As the global economy slows, I believe we’ll begin seeing more analysts’ lower their EPS expectations both for this year, and next. The disconnect right now is in-the-midst of this choreographed economic slowdown, there is a huge EPS rebound baked into late 2023’s and early 2024’s estimates. In my opinion, there is a high probability that these get recalibrated lower… and that will happen after stock prices have already moved lower, not before.

What Should Investors Do?

The answer is… staying fully invested makes perfect sense. But there are new kids-on-the-block with T-Bills and money market rates paying over 4.5%. So, an over-weight allocation to cash can be tactically brilliant as a wait-and-see strategy that creates an opportunistic neutral vantage point. Other tactical adjustments keep a neutral weight in equities and ensure your portfolio’s ballast is fueled by high quality defensive positions with a value-oriented tilt.

It’s worth mentioning that the caveat to this conservative fundamental outlook is this new craze in everything Artificial Intelligence (A.I.). The stock market is chronically inefficient; thus, it can stay disconnected from fundamental reality for months and/or years-at-a-time. Thus, my suggestion to stay fully invested and keeping a neutral weight in equities.

Brooks R. Smith, CFA

Brooks has an entrepreneurial background followed by over thiry years of buy-side experience in wealth management developing client relationships and managing customized discretionary total return investment portfolios. Early in his career, he worked in Tulsa with renowned money manager Fredric E. Russell. After moving to Dallas, he worked with Schwab Institutional, and subsequently spent 18-years as a Portfolio Manager with U.S. Trust / Bank of America Private Wealth Management. In 2018, Brooks became Senior Vice President and Trust Portfolio Manager with Happy State Bank and Trust Company in Addison, Texas. Brooks is a CFA charterholder and graduated from Oklahoma State University with a B.S. in Finance. He and his wife, Joanna, live in Dallas and are members of The Lutheran Church.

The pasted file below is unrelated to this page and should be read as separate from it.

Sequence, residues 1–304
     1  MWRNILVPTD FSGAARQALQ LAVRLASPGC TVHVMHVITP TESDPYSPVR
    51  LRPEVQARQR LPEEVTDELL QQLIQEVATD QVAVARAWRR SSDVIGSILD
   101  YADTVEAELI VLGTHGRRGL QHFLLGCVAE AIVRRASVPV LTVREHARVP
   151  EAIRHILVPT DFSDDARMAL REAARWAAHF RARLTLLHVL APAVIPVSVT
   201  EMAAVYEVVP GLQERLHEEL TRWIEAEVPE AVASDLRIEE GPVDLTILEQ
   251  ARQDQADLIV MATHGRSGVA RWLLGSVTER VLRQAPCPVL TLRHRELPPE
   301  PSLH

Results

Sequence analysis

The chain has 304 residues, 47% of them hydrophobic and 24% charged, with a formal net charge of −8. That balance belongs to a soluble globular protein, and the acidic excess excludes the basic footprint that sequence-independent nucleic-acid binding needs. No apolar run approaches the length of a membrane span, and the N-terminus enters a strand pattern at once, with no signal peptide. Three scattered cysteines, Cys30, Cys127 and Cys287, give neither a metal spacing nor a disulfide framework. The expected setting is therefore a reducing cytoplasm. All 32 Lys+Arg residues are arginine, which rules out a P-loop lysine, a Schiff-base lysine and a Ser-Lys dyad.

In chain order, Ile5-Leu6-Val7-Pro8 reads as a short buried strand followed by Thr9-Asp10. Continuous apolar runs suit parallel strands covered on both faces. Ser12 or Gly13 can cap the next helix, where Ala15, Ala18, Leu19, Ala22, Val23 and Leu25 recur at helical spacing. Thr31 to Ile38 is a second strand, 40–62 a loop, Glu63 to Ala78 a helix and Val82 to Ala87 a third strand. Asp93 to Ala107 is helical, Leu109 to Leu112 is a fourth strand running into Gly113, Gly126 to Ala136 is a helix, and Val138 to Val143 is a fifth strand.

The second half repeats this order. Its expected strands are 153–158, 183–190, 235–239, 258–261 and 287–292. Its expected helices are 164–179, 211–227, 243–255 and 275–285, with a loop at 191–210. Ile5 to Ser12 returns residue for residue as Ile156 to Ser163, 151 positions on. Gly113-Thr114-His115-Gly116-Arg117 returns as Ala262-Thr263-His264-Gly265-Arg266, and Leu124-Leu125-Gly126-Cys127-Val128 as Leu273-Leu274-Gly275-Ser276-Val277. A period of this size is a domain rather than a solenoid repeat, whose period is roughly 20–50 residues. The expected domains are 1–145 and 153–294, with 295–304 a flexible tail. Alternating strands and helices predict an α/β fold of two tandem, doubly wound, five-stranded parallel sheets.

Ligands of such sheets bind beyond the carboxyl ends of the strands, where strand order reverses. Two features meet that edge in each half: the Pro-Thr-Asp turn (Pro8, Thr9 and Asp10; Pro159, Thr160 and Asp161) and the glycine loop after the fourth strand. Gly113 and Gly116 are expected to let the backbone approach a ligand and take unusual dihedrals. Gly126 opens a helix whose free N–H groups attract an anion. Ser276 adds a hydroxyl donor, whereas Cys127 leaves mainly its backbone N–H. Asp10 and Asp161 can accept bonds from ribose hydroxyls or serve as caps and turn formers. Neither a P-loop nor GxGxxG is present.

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Meet the Team

Tori Cortez Trust Operations Specialist Abilene, TX

Tori was raised in Spearman, Texas and graduated from Perryton High School in 2017. After graduation, she moved to the Amarillo region where she earned her associates in Education at Amarillo College, as well as received her Dental Assistant License. While attending school, Tori began her banking career as a Teller. After graduation she started working in the dental field, where she realized her true passion was in banking.

Tori left the dental field behind and began working for Happy State Bank in December of 2019, where she was a teller at the Buchanan branch. During her time there, she became a Senior Teller and Customer Service Representative.